Various studies have investigated the efficacy of different treatment methods for DWW. Among these, aerobic treatment approaches have been emphasized in research conducted by Scott & Smith (1997); Carta-Escobar et al. (2004); Kolev Slavov (2017); Joshiba et al. (2019). However, when considering DWW treatment, AD emerges as a more favorable option than aerobic digestion. This preference stems from its ability to yield biogas as a byproduct, its reduced spatial requirements during construction lowered aeration demands resulting in decreased energy consumption, and the added advantage of reduced sludge and biomass generation, as highlighted by Adulkar & Rathod (2014). Notably, within the dairy sector, Carvalho et al. (2013) assert that anaerobic processes are particularly well suited for addressing wastewater with high organic loads. Supporting this notion, Kolev Slavov (2017) presents findings indicating that anaerobic bacteria outperform aerobic bacteria in DWW treatment. Aerobic processes are compromised due to rapid acidification and filamentous growth attributed to elevated lactose levels and limited water buffer capacity, as discussed by Ahmad et al. (2019).

Analyzing the performance of these A.D. reactors reveals their capability to treat wastewater with satisfactory removal rates, yet they encounter difficulties when treating high-fat content DWW. The high content of lipids within the wastewater causes blockages within the reactor, thus reducing the removal efficiency. The breakdown of these fats necessitates extended treatment periods, thereby escalating the time required and subsequently increasing the energy demand in the treatment process. Reports have indicated that pre-treating the wastewater with enzymes augments the removal rate, reduces suspended solids in the reactor, and increases biogas production. Figure 9 depicts the correlation between methane production and time, illustrating that methane production over time with wastewater without pre-treatment will plateau than when the wastewater is pre-treated with an enzyme. The performance of UASBs, particularly concerning methane production, highlights the challenges encountered when treating DWW with a high-fat content (Couras et al. 2015). A higher fat content in the wastewater corresponds to reduced methane production. From Table 3, according to Mendes et al. (2006), using an enzymatic pre-treatment to hydrolyze lipids by 39.5% produced an increase in biogas by 162–292%. Hence, minimising the fat content becomes imperative to optimize methane production and prevent system clogging (Figure 9).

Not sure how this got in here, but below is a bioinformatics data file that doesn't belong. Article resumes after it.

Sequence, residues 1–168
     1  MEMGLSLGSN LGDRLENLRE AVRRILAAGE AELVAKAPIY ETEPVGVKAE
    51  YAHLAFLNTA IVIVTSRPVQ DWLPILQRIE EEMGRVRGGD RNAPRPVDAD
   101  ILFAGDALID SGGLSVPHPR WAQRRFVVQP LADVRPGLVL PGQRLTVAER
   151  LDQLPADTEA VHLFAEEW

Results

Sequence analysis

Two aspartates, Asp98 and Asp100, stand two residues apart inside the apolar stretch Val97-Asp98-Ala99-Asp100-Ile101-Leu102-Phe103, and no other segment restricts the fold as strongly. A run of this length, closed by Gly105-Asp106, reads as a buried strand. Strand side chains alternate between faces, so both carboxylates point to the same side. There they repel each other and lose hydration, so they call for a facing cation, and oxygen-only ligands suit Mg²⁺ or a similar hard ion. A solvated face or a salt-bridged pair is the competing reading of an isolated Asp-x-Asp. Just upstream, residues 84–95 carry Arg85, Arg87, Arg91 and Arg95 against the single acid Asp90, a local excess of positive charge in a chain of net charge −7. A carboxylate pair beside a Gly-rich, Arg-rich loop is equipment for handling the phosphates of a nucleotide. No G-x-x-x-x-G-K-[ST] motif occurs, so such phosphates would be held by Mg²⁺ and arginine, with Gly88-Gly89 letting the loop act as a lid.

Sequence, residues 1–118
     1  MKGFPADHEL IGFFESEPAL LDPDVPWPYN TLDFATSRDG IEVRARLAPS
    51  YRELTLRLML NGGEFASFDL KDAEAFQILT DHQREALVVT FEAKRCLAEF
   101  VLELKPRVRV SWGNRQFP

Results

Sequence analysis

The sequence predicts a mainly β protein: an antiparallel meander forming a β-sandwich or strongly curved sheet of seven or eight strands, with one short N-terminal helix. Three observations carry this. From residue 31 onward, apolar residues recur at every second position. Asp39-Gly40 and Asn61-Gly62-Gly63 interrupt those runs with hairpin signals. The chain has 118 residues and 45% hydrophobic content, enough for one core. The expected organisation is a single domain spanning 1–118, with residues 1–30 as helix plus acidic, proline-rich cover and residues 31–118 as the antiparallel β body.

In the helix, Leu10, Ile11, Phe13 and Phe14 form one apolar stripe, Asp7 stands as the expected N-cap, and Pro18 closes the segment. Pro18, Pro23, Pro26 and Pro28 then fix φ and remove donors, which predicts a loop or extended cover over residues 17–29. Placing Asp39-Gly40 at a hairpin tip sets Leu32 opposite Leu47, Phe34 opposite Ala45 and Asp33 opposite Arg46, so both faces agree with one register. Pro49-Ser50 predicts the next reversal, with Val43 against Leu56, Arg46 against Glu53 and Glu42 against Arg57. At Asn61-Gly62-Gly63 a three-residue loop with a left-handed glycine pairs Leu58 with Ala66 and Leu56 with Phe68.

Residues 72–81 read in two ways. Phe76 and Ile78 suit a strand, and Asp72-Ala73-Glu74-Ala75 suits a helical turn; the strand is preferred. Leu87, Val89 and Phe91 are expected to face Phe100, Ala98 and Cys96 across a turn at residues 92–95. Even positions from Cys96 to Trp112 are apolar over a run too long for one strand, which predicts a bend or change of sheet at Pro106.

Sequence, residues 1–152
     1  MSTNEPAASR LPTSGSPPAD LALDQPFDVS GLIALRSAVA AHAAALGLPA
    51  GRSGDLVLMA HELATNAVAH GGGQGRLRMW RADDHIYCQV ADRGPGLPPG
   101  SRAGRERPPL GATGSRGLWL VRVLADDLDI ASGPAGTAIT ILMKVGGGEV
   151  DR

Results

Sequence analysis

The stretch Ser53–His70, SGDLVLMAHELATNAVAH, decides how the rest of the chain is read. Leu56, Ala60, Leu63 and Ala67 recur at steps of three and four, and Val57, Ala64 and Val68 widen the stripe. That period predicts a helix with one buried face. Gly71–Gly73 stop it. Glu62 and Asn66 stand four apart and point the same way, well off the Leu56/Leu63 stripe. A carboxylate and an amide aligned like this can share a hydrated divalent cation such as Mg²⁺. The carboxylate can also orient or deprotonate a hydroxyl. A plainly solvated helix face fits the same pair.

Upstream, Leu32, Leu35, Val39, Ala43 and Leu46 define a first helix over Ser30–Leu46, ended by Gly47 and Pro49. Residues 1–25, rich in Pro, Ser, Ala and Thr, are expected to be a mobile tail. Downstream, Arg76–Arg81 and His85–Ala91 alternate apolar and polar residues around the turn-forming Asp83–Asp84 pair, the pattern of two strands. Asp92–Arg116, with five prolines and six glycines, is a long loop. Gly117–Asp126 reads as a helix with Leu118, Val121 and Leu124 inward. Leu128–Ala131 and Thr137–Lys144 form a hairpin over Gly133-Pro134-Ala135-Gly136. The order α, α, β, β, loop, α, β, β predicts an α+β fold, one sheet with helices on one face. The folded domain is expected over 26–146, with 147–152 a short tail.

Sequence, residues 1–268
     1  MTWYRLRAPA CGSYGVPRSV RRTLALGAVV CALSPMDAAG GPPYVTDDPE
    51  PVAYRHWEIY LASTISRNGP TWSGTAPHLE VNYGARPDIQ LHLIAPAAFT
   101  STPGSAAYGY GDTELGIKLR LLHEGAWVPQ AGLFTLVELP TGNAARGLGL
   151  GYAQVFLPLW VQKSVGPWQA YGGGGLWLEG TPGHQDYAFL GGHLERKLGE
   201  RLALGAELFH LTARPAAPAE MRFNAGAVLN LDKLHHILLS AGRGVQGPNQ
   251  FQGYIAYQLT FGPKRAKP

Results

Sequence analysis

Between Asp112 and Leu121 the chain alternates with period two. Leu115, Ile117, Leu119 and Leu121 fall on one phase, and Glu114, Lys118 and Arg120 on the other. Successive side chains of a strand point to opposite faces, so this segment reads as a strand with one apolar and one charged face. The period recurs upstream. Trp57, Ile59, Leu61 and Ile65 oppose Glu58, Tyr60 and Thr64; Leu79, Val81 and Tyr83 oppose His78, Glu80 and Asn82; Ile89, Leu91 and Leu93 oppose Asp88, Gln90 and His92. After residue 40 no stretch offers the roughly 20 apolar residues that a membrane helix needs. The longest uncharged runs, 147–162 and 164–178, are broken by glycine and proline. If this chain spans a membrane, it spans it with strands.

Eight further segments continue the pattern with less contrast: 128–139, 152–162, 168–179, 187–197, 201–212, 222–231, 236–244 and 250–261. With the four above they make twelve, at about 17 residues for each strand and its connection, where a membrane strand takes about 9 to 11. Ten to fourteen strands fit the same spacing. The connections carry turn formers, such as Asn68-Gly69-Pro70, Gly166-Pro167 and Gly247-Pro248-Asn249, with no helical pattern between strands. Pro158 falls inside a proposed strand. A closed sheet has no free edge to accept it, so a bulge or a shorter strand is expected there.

Figure 9

Methane production over time (Harris & McCabe 2015).

Figure 9

Methane production over time (Harris & McCabe 2015).

Close modal

Leal et al. (2006) reported that when there is an increase in FOGs in the wastewater, the COD removal rate decreases in the UASB, but when the wastewater is pre-treated with an enzyme, the COD removal rate is above 90%. A study by Bhange & Suke (2018) investigated the effect of lipase of different dosages on high-fat DWW. They reported that there was an average removal rate of 97% of FOG, 67% of COD and 38% of T.S. According to Cammarota et al. (2001), when DWW with high levels of FOGs is treated in a UASB reactor, the effluent is high in turbidity, VSS and achieves a COD removal rate of <50%. The authors reported that pre-treated DWW with Penicillium-restricted lipase showed a higher % COD removal rate of 90% when treated with the same UASB reactor. AD treatment is prompt to release high amounts of nutrients which can be recovered using recovery technology such as struvite formation, which acts as a slow-release fertilizer. In some areas of SA, the struvite and stabilized sludge are used for the growth of animal fodder (Nqayi et al. 2023), which is useful in the context of resource recovery from dairy waste.